]. Previous work by Molteni et al. [22
] and Chakravarthi et al [23
] demonstrated the critical role of GSH as an antagonist of Ero1α. In these studies, depletion of GSH either via cell membrane permeabilization or inhibition of γ-glutamyl cysteine synthetase increased the rate of protein oxidation and lead to an accumulation of oxidized PDI and Ero1α. We cannot speculate as to whether an imexon-GSH conjugate is formed within the ER lumen, or if cytotosolic GSH depletion by imexon is sufficient to reduce the transport of GSH into the ER. Nonetheless, these data suggest that oxidative stress within the ER is induced by exposure to imexon.
The widespread introduction of RNA interference technology has provided an opportunity to systematically identify targets for drug response and resistance [24
]. Several recent studies have highlighted the use of RNA interference chemosensitization screens to identify novel targets with chemotherapeutic agents [25
]. For example, Giroux et al used a human kinome library to identify kinases that support the survival of pancreatic cell lines, and a subset that contribute to gemcitabine resistance [26
]. In a similar study, Azorsa et al used siRNA’s to identify the checkpoint kinase 1 (CHK1) as a sensitizing target in pancreatic cancer cells exposed to gemcitabine [25
]. Using a 21,000 member genome wide siRNA library, we identified molecular pathways associated with protein synthesis as potential mediators of imexon-induced growth inhibition in human pancreatic carcinoma. We initially hypothesized that this screen might highlight anti-oxidant response pathways. In contrast, the major class of gene products whose inhibition significantly enhanced the cytotoxic activity of imexon comprised genes involved in protein synthesis, and particularly eIF2B5.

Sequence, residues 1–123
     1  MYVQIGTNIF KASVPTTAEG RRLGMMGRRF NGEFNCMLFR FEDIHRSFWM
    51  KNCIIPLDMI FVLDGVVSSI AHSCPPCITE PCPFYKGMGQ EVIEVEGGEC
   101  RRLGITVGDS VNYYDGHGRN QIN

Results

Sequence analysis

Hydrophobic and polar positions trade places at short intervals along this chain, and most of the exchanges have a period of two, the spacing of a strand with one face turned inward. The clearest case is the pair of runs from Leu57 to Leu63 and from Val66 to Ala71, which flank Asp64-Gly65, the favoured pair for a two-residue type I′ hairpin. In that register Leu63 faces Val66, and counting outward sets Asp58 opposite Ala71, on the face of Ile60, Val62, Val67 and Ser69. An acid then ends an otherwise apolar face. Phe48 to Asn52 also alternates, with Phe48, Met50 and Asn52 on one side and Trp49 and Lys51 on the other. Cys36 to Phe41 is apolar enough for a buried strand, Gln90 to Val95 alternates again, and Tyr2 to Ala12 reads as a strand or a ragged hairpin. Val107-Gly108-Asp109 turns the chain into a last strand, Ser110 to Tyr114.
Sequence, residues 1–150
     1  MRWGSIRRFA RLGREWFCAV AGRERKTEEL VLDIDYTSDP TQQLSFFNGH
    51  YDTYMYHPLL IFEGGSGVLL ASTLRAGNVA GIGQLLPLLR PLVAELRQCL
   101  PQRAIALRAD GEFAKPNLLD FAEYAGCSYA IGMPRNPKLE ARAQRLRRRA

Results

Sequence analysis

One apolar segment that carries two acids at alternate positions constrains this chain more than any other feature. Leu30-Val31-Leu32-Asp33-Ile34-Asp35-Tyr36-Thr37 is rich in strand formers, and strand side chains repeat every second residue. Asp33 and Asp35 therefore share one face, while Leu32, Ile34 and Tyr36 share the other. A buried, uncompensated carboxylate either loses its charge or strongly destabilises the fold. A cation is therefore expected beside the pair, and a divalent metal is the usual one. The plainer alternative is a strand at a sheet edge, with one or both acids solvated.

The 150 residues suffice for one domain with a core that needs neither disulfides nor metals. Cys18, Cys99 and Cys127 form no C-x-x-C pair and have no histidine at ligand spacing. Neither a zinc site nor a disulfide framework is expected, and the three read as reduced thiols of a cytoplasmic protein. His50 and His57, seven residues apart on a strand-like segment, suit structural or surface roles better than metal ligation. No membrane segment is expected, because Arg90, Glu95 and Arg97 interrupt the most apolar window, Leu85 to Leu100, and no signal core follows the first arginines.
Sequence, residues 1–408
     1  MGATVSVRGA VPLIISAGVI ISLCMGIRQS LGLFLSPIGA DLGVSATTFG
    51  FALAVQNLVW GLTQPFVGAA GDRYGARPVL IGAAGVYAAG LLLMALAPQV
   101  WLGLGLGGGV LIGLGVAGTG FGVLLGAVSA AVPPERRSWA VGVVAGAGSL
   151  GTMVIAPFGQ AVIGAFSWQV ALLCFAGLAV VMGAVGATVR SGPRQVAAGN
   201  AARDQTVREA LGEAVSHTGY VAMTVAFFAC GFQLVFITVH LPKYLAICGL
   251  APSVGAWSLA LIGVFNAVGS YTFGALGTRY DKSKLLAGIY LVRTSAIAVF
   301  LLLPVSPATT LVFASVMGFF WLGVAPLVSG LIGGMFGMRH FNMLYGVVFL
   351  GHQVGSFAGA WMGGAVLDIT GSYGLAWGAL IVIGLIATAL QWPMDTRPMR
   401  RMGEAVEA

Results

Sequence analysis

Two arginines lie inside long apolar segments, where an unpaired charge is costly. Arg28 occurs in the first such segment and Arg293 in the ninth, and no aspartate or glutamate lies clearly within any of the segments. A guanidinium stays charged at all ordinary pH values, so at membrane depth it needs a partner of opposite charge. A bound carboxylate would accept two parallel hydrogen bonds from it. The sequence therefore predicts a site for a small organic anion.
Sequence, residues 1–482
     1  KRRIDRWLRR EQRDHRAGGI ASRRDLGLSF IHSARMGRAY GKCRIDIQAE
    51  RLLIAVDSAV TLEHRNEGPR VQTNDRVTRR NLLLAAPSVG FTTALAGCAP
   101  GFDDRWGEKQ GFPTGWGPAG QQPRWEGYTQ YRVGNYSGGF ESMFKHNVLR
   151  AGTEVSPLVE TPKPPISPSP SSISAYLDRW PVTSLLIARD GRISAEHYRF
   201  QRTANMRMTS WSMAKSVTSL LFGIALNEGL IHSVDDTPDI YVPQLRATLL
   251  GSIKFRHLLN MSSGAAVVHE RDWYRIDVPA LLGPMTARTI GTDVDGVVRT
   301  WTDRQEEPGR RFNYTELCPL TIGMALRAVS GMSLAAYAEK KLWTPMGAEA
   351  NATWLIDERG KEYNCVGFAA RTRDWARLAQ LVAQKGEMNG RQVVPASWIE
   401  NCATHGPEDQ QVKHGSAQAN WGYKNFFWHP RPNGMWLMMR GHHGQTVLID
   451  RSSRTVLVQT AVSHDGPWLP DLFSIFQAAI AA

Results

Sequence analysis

Previous studies have established imexon as a pro-oxidant that can deplete intracellular thiols and induce oxidative stress [4
]. In addition, we have previously demonstrated that pancreatic cancer cell lines incubated with imexon display a marked inhibition of protein translation and degradation prior to commitment to cell death [9
]. The new findings show that the addition of NAC blocks the effects of imexon on protein synthesis, suggesting that oxidative effects of the drug may mediate the reduction in protein synthesis. The effect of imexon on eIF2α is identical to that of H2
, which typically inhibits translation by the phosphorylation of eIF2α [29
]. However, none of the enzymatic inhibitors of H2
significantly blocked imexon’s effect on protein synthesis. This indirectly suggests that the oxidative stress induced by imexon may be mediated by cellular oxidants other than H2
and superoxide, but still causing phosphorylation of eIF2α.
In summary, the current findings extend the oxidizing effects of imexon from the mitochondria to the ER compartment. The data further suggest that the alteration in ER redox status may mediate the inhibitory effects of imexon on protein synthesis. However, the degree that ER protein oxidation and reduced protein synthesis contribute to overall imexon-induced tumor cell growth inhibition is not known. Importantly, the concentrations of imexon used to inhibit protein translation in the current experiments are within the range of concentrations that can be achieved in cancer patients [30
]. For example, at the maximally tolerated phase I dose of 875 mg/m2
/day, imexon peak plasma levels of 715 μM were routinely obtained.”